This successful debut by Steve Lehman as a leader reflects his primary influences: Jackie McLean and Anthony Braxton, two of the most important saxophonists of the 20th century. From the opening track, "Panther," it is clear that despite the presence of free improvisation masters trumpeter Roy Campbell Jr. and percussionist Kevin Norton, this group looks to the past as much as to the future. "Panther"'s hard bop melody hearkens to the 1950s, yet not unsurprisingly the solos transport it to the 21st century with radical harmonies and extensive liberties. The results invigorate, and even on the astonishingly abstract take of McLean's "Orbits," the only piece not penned by Lehman, the sense of melodic center is never completely lost. Lehman is a powerful performer -- his sound, particularly on sopranino, shows elements of early Braxton -- but Lehman is far from being a mere clone. His jagged lines display an uncommon fluency at the fastest tempos and an appreciation for traditional constructs even on the freer sections. Kevin O'Neil impresses with a highly original style that continues to mark him as one of the leading practitioners of modern jazz guitar. Kevin Norton is another important presence, and his duo with Lehman on "Lasers" is a lesson in the art. Finally, Roy Campbell puts in some excellent brass work, his brash, creative phrasing adding a pungent flavor. This recording is a companion to its sequel, also released on the CIMP label (CIMP 255), which was recorded at the same session. An auspicious beginning for a fresh new talent.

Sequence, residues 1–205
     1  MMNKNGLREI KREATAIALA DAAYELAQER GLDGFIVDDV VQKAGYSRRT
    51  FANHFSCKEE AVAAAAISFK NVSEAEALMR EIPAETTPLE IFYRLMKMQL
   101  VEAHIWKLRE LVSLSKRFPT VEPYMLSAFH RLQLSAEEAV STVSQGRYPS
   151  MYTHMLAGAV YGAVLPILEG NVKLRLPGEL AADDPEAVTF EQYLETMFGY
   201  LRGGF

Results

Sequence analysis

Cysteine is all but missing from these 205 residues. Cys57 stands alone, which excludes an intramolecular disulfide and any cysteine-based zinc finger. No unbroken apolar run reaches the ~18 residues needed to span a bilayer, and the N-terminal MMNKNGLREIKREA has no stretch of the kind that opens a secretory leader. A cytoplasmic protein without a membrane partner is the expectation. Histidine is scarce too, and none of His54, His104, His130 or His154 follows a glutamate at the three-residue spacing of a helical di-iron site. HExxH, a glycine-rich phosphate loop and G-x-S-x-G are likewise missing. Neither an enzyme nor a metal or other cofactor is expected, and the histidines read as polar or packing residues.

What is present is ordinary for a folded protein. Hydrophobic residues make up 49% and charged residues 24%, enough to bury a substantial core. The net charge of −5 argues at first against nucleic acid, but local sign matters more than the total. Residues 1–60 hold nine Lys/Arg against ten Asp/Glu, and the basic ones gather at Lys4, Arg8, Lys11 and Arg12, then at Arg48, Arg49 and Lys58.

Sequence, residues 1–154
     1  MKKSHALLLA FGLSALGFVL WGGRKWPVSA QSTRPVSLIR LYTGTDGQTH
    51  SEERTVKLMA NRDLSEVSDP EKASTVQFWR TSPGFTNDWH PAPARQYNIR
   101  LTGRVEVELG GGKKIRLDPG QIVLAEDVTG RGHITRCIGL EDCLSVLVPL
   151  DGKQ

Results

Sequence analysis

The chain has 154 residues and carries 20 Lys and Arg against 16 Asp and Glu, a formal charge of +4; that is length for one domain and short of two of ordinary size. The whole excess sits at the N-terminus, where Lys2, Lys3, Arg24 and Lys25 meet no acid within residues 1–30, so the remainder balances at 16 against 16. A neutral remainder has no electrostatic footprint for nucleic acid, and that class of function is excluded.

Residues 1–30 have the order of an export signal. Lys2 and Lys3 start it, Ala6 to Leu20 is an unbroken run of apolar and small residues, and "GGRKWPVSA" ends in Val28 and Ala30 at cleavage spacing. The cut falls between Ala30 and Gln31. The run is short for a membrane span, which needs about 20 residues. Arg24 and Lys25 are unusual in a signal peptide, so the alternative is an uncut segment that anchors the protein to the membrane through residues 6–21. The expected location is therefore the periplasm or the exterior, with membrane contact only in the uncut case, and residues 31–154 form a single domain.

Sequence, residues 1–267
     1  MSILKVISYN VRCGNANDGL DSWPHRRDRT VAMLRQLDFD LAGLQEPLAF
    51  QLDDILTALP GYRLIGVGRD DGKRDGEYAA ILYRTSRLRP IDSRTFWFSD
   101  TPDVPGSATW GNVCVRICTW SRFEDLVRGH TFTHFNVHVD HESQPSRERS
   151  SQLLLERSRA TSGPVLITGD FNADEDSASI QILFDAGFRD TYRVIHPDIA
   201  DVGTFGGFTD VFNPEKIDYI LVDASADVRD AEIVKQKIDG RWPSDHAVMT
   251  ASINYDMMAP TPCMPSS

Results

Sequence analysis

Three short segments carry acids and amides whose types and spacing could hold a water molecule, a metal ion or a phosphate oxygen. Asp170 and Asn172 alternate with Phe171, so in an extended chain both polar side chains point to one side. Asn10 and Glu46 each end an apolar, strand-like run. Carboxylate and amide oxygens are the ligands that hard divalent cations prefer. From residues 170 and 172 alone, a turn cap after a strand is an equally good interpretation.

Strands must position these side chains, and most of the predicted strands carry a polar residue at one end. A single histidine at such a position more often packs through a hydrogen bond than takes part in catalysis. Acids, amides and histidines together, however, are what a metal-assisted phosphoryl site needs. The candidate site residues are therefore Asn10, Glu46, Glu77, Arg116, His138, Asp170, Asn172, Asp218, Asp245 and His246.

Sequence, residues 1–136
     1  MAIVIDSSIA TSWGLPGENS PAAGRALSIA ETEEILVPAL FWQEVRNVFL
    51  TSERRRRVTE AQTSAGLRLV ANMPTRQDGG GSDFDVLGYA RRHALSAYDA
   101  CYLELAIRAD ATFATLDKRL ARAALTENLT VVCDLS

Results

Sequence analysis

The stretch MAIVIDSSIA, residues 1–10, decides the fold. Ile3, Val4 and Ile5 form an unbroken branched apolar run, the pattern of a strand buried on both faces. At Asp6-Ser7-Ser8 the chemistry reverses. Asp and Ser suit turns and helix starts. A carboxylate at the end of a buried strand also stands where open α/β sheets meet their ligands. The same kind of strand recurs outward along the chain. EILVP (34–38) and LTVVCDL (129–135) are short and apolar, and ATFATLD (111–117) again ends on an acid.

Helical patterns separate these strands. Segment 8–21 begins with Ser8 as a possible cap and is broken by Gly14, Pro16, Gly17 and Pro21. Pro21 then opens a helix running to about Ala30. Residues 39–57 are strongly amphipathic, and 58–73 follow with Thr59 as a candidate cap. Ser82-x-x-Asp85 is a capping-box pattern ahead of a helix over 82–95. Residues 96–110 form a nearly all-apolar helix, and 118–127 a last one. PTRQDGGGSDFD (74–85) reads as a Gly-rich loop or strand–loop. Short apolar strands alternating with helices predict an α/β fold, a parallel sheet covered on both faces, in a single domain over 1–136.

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AllMusic Review by Steve Loewy